توسعه و رشد اقتصادی در اقتصاد جهانی
|کد مقاله||سال انتشار||مقاله انگلیسی||ترجمه فارسی||تعداد کلمات|
|12874||2005||36 صفحه PDF||سفارش دهید||15430 کلمه|
Publisher : Elsevier - Science Direct (الزویر - ساینس دایرکت)
Journal : Review of Economic Dynamics, Volume 8, Issue 1, January 2005, Pages 195–230
This paper investigates whether technological shocks, constructed to be consistent with the observed cross-country income dispersion, are also capable of accounting for development regularities related to capital accumulation. This question is approached via a quantitative theoretical analysis of an integrated world economy model. An open economy framework constrains country heterogeneity to be consistent with international capital flows. Moreover, it enables the study of distinctively open economy development facts. The model produces time-invariant cross-sectional distributions for development variables, whose properties are quantitatively compared with the Penn World Table data set. The model generates too little dispersion in capital-output ratios and investment rates. However, it is consistent with the relative importance of investment, saving, and international capital flows for economic development.
The goal of this paper is to investigate whether cross-country technological differences, which are designed to match the observed cross-country income dispersion, are also capable of accounting for development facts related to physical capital accumulation. Specifically, this paper is interested in three sets of questions. The first set concerns cross-country dispersion in capital-output ratios: How much of this dispersion can the model account for? What fraction is due to investment-specific technological differences, and what fraction is due to neutral productivity differences? What is the contribution of international borrowing and lending? Secondly, the paper asks whether the model generates differences in investment rates and saving rates, which are as large and persistent as in the data. Finally, a third set of questions looks at the interaction between saving, investment, and cross-country capital flows. Specifically, the paper asks whether, in the model, currently richer countries have saved more, and especially invested more in the past; and whether faster-growing countries tend to save more, and especially invest more. The paper then looks at development miracles and disasters as an illustration of these regularities.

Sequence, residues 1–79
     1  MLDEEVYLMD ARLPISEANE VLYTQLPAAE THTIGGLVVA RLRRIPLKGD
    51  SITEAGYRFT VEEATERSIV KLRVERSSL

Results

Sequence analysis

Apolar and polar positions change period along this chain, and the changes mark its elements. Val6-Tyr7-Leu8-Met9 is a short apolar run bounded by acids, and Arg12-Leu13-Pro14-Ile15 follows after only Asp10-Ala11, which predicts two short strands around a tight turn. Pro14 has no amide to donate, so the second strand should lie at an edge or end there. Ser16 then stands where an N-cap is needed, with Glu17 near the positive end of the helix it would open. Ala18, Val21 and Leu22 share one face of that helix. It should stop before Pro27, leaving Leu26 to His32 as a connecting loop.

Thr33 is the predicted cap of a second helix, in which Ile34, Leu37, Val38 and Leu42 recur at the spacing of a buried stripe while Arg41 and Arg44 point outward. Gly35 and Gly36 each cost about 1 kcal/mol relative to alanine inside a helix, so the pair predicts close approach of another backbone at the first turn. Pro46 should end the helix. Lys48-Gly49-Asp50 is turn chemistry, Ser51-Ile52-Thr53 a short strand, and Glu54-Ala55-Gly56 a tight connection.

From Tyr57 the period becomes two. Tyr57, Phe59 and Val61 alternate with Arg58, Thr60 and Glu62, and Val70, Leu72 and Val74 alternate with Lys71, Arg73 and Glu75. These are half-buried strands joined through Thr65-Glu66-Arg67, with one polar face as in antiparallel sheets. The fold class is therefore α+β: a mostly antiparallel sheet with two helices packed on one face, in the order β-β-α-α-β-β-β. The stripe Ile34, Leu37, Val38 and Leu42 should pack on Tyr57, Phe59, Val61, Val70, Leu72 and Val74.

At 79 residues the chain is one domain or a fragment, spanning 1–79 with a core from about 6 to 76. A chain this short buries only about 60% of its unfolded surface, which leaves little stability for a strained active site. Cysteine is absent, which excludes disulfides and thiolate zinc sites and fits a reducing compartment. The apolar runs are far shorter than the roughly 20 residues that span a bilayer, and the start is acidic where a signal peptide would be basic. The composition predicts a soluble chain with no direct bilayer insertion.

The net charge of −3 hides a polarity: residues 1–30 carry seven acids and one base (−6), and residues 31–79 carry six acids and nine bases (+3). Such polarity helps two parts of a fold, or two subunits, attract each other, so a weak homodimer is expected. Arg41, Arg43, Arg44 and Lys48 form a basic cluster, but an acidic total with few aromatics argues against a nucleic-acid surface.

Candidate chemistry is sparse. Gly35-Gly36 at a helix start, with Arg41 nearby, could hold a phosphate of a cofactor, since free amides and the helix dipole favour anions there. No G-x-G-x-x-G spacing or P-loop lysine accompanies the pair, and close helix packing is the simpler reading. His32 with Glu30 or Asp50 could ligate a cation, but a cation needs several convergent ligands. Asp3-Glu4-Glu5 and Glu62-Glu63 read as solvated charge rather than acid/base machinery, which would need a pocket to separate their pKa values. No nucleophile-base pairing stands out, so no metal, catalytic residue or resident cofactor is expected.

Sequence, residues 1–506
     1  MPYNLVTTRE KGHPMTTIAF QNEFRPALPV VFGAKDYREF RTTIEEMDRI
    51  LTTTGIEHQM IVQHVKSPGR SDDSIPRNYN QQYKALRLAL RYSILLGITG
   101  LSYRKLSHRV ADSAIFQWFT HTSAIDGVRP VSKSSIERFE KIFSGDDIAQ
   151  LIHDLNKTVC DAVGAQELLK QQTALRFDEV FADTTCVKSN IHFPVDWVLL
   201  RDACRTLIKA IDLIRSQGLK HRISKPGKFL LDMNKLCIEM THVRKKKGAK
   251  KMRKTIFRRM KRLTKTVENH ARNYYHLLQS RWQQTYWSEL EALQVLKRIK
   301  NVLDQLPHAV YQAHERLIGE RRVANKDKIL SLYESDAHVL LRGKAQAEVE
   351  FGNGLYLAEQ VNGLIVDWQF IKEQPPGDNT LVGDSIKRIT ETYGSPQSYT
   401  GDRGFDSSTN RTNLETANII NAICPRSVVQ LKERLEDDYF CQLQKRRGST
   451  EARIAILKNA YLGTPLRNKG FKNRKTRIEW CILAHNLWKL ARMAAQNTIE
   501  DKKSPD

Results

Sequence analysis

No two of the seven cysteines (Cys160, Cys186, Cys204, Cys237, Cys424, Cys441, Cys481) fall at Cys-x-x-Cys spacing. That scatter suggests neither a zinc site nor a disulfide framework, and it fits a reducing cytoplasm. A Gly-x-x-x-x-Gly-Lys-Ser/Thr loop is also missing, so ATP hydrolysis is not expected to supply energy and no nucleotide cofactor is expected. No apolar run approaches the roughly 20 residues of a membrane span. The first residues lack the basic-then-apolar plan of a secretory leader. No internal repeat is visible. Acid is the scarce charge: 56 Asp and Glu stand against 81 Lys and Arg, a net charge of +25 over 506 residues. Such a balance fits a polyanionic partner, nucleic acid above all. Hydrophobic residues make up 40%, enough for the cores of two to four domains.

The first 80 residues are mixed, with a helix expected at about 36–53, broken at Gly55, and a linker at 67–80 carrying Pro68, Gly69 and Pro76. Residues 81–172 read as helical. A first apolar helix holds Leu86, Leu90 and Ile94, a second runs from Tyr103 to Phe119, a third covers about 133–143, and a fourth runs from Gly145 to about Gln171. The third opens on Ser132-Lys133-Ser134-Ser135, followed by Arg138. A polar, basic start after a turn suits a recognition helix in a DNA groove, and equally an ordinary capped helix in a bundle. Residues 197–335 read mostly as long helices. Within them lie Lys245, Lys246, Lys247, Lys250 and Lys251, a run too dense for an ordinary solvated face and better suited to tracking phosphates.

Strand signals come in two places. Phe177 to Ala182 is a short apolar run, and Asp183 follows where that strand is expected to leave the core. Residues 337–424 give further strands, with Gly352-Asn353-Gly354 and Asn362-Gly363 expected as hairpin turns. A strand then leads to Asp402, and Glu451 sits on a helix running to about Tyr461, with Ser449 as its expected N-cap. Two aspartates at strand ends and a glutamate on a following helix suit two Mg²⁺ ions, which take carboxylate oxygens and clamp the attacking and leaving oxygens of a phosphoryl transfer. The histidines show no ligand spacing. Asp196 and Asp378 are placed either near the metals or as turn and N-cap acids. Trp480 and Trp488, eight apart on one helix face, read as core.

نتیجه گیری انگلیسی
I am very grateful to the editor, Robert Lucas, for his valuable comments. I am deeply indebted to Per Krusell for his guidance, support, and many helpful suggestions. In addition, Sílvia Gonçalves, Rui Albuquerque, Mark Bils, Daniele Coen-Pirani, Tim Kehoe, Nour Meddahi, Tony Smith, Alan Stockman, and seminar participants at various locations provided helpful comments and suggestions. All remaining errors are mine. Financial support from Praxis XXI is gratefully acknowledged.